This week, we’re fast forwarding to 2014. I don’t know about you, but by the time New Year’s Day rolls around, I’m usually down to thinking about my “standard” new year’s goals…which are standard because I’ve yet to achieve them. This year, I’m inviting you to join me in planning ahead instead. There’s still a little bit of time before holiday madness, and spending just a little bit of time now can plant seeds which will make goal setting easy.
This past weekend I was on a mini-retreat with six women who consistently inspire me to challenge my negative beliefs and find ways to greater meaning and joy in my own life. One of them was recently back from a visioning retreat, and she reminded me of the power of questions. In Kaizen-Muse coaching, we talk a lot about forming “small questions” – such as, “how can I make this more fun?” But the questions can be anything at all. This week, I’m inviting you to join me in using some in support of creating a 2014 that you love. Grab something to write with, and let’s go:
Step #1: Begin at the End
Fast forward to December 28th, 2014. Envision a day when you have an hour to yourself, and you are completing the “Harvest Time” ideas from my last post – you’re listing twenty-five things you’re proud of for the last year. These could be accomplishments, emotional growth, anything at all that you’re happy about for the last year. Pick out three to five things that really light you up, and write them down now.
If you struggle with envisioning yourself writing lists of past accomplishments before they’ve happened, feel free to do this the traditional way. Pick out three to five goals that you think will light you up if you achieve them.
Step #2: Check for Juiciness
When you think about the goal/accomplishment, do you feel excited? Alive? Scared? Hopeful? You’ve probably got a fun, juicy goal. Do you instead feel dread, boredom, obligation, defeat? Your goal might need to be tweaked a bit. No problem; we’ll get there in the next step.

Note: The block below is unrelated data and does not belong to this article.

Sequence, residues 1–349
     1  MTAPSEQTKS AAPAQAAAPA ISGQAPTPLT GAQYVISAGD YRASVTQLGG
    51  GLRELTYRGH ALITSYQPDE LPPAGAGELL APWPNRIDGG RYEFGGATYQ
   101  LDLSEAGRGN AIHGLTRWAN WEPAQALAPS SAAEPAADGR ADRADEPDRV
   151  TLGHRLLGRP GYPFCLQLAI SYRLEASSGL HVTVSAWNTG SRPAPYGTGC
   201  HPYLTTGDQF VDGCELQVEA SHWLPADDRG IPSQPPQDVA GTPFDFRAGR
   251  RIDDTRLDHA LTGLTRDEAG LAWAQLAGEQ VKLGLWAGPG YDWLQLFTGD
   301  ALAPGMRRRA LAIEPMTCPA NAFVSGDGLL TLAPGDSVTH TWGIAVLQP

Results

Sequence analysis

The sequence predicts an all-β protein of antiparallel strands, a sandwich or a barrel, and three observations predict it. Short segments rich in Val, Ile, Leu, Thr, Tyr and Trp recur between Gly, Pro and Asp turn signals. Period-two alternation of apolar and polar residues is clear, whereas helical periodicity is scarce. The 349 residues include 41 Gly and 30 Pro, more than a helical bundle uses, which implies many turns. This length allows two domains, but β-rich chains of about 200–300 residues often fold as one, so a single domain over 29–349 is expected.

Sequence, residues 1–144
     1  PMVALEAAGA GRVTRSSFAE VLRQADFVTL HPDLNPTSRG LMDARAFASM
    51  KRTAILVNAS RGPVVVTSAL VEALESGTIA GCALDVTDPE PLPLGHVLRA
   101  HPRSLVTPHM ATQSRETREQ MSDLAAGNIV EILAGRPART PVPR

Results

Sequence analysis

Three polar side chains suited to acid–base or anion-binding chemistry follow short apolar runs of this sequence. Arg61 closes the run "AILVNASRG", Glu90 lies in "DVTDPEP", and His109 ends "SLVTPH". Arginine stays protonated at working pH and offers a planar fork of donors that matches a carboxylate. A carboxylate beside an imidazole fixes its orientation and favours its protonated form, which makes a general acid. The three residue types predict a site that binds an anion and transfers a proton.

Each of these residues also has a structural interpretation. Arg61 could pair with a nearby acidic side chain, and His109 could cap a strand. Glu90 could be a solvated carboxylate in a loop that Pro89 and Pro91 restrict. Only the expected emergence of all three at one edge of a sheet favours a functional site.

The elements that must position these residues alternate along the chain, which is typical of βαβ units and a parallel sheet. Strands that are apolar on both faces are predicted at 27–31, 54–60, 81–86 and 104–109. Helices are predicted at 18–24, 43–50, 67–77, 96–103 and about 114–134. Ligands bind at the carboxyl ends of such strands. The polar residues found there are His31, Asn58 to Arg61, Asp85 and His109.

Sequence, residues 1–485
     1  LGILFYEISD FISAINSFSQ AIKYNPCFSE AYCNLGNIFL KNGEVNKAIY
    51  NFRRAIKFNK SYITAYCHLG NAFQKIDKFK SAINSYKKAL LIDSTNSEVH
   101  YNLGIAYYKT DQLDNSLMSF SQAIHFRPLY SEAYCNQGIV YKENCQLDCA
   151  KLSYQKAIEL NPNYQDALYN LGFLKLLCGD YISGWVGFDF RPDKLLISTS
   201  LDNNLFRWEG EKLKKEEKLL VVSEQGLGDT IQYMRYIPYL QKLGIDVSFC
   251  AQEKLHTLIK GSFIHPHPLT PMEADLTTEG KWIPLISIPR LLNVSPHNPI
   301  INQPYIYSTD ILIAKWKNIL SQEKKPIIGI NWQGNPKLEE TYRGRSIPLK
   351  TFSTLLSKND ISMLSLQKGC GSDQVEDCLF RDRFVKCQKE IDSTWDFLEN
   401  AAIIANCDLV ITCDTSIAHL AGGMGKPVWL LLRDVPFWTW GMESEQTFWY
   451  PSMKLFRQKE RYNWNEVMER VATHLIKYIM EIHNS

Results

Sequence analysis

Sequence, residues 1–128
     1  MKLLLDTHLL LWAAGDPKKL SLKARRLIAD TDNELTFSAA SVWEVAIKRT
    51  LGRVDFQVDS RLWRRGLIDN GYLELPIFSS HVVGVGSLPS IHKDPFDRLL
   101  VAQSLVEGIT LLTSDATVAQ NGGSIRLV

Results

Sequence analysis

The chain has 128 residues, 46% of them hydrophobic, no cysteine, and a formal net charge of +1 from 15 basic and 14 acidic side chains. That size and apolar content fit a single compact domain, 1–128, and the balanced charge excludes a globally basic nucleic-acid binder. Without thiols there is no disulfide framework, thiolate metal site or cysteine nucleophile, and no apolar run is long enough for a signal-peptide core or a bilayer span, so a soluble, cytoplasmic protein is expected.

Step #3: Get to the Essence
Often (always?) we want to achieve things because we think they will make us feel a certain way. When you think about achieving your goal, or you “look back” on achieving in from your December 2014 perspective, what about it made it so exciting? How did you feel? What did accomplishing this thing give you? Or if you are going from a goal perspective, why do you want to do this? What will it bring to you?
Let’s look at a common example for my career-passion-search clients: “I want to find my passion/purpose.” My next questions are always “Why?” and “How do you think you will feel when you have found it?” I hear answers like, “I want to know I’m making a difference in someone’s life.” “I want to feel like I’m in the flow.” “I want to make the world a better place.”
What are your answers? If you want to lose weight, for example, do you know why? Is it that you really want to feel energized every day, or the ability to run farther? Or maybe it’s something completely different – like when you lose weight, you’ll give yourself permission to wear clothes you love.
Step #4: Play with Questions
Your brain is wired to answer questions. It will answer whatever you ask, search for evidence to help you answer your questions, and generally stay focused on whatever it is that you are asking. This means that your questions are vitally important. If you ask crappy questions – like “Why do I always fail at dieting?” – your brain will give you answers that make you feel like crap! For example, “because you have no willpower”, “because you have deep-seated issues and eat to block them out” or “because you are afraid of being thin.” These may or may not be true.
The good news? It doesn’t really matter! You can just focus on asking better questions instead of analyzing these results. In this case, you could try something like, “what do I really want out of weight loss?” or “how can I use my strengths to help me to lose weight?” or “how can I make losing weight fun and easy?”
Some ideas for your questions:
- How can I get the essence of what I want into my life?
- Do I even need to achieve this goal or can I go straight for the feeling?
- How can I make the process fun?
- Who do I know who might have a great idea about making this happen?
- How can I start building habits that will help me with this next year?
- How can I make the process of achieving this goal as delicious as actually achieving it?
I consider this activity very much like choosing which seeds to plant next year. You don’t even have to do anything with your questions – just write them down somewhere and look at them throughout the holiday season. Your brain will be busy working to help you answer them. When we come back together in late December of this year, you might be surprised by how many ideas you already have for making 2014 amazing!
Leave a comment below and share one of your questions with us – brainstorming with others just makes this even more fun!